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“Capital growth or cash flow?” It’s the age-old argument for property investors, but the harsh reality is: it’s the wrong argument.
If you’ve fallen into this trap and are feeling confused, let me bring some clarity to your strategy. For most people, the road map will be relatively simple — to sustain your quality of life long-term, you need to replace your earned work income with passive investment income.
You do this by accumulating high growth, income producing assets and then when you decide to stop or reduce work, you convert your capital to cash flow with ongoing, tax effective income streams. So, the focus is not on “capital growth or cash flow”, it’s growth first, then cash flow.
You can execute this strategy with the support of a simple but powerful tool, the income for life — capital growth to cash flow curve.
It’s a tool that helps you determine your current net worth, and what you need to do on your investment income replacement journey to achieve your retirement lifestyle goals.
It begins with understanding your position with income producing asset value (your nest egg) on the capital growth to cash flow curve to find out if you need to be focusing on capital growth properties or cash flow properties.
If your nest egg is below the level required to create your tax effective passive income level to replace your active work income, you’ll need to focus on capital growth properties. When your net worth hits the level required, you rationalise the investment portfolio and convert to cash flow, focusing on tax effective income assets.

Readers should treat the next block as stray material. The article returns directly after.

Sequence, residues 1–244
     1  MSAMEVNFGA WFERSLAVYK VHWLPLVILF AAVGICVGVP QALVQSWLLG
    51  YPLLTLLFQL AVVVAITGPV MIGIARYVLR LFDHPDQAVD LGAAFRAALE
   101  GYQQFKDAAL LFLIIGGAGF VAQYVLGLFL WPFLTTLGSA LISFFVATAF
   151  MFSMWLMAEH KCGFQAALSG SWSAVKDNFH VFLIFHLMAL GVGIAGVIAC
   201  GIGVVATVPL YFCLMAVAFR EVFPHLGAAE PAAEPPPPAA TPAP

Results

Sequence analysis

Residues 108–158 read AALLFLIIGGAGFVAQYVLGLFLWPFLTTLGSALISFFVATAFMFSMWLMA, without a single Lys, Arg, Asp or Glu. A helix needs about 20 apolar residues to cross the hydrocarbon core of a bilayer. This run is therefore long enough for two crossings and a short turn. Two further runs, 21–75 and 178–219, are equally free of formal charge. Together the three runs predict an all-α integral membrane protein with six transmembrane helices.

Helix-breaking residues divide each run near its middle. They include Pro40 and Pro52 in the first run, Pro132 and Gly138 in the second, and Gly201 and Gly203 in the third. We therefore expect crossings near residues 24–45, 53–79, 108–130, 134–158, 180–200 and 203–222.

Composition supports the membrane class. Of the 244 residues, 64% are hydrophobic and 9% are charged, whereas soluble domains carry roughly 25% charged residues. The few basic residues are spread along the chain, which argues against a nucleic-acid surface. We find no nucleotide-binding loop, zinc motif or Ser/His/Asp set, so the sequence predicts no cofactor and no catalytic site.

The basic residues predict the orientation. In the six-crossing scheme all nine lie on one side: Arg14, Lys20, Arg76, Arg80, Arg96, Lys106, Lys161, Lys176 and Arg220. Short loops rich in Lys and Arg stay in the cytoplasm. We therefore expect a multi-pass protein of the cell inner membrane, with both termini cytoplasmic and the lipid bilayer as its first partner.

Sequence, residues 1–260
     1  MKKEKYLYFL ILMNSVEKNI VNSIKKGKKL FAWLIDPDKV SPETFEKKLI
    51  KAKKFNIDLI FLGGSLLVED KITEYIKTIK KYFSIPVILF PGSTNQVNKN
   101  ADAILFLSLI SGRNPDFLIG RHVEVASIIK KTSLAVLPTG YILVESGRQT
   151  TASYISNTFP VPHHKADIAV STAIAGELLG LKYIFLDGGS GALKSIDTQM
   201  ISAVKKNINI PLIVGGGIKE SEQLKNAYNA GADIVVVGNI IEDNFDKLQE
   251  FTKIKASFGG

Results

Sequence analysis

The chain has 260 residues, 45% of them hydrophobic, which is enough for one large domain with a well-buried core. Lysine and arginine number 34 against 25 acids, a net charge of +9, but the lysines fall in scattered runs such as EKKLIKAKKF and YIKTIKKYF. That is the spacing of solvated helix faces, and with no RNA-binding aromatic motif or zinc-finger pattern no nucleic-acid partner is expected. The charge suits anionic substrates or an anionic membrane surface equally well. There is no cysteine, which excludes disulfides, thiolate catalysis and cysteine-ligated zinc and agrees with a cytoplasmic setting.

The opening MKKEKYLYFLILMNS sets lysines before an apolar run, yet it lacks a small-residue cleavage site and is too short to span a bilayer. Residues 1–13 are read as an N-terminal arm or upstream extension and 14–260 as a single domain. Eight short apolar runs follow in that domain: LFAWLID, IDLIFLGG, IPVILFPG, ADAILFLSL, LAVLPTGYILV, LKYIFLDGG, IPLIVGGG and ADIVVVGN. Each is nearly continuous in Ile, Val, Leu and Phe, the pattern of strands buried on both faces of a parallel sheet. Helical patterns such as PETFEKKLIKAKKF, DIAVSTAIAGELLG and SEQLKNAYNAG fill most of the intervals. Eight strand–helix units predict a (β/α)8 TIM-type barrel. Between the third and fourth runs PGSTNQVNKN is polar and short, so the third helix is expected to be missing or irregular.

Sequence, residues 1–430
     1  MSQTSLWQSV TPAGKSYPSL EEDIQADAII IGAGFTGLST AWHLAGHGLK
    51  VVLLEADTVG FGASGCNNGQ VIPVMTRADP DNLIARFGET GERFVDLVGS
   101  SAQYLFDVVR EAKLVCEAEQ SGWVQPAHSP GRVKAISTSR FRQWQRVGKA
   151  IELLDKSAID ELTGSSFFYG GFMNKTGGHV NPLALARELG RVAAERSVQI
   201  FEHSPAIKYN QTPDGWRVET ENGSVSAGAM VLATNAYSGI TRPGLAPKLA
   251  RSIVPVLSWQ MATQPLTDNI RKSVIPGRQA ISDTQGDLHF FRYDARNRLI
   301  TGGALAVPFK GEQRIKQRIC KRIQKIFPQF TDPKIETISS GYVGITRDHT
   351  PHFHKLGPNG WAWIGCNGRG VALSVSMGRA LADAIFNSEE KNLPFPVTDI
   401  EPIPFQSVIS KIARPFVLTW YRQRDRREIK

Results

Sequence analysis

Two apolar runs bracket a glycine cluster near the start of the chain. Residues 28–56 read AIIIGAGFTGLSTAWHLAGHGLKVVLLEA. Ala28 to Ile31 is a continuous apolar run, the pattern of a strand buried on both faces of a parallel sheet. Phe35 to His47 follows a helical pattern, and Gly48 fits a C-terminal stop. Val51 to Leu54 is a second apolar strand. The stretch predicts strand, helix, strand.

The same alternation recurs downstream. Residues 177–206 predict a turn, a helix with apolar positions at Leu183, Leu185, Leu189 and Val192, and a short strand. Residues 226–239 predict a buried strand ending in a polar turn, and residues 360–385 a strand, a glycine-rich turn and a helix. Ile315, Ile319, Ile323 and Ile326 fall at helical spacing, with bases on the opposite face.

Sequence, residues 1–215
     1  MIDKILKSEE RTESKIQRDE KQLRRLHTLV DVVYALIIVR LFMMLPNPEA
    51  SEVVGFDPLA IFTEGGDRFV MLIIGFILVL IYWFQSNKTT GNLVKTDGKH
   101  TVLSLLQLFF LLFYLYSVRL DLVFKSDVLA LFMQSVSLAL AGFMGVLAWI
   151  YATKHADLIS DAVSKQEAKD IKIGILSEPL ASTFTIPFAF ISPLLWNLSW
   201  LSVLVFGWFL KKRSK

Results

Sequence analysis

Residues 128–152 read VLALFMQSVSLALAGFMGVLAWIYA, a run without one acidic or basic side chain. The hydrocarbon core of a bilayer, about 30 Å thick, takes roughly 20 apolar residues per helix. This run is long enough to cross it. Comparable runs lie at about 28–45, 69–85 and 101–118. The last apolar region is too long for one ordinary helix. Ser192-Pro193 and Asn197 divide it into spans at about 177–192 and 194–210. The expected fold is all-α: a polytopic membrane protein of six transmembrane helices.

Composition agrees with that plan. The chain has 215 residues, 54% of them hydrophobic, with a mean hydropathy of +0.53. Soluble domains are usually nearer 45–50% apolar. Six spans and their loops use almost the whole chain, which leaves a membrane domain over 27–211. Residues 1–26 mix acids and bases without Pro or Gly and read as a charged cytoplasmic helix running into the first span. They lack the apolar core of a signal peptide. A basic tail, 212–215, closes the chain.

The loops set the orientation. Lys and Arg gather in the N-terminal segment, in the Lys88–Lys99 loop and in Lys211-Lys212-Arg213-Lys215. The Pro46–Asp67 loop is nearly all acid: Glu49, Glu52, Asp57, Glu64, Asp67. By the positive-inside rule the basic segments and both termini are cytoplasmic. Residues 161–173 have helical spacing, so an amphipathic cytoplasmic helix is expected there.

Understanding where you are at is critical, as this influences your investment criteria including the type and style of asset you invest in. This is underpinned by your four key breakfree numbers. Let’s break it down:
Get clear on your ideal retirement lifestyle — What does it look like? Dining out and regular holidays? Spending time and supporting family? With some understanding, you’ll be able to calculate the costs.
As a starting point, 80 per cent of your current gross income will maintain your current lifestyle when you retire. For example, if the combined household income is $155,000 then $120,000 is your lifestyle income.
How many years away is your ideal retirement date? For our example, let’s say you’re 20 years from stopping work.
Based on the assumption of a 5 per cent net return on your income producing investments, apply the income x 20 rule. So, your $120,000 lifestyle income x 20 will deliver you a nest egg number of $2.4 million.
This is the number of properties (or income producing assets) required now to reach your nest egg number over your breakfree timeline. In the example we’ve given, you’ll need two properties or $766,000.
If your breakfree timeline reduces to ten years, then the freedom number increases to four properties or $1,357,000.
Ultimately, the income for life— capital growth to cash flow curve positions you in a place of empowerment, to ensure you reach that lifestyle you’ve always dreamed of — just go for growth and then convert to cash flow.
Capital refers to the financial resources that are available to be used for income generation.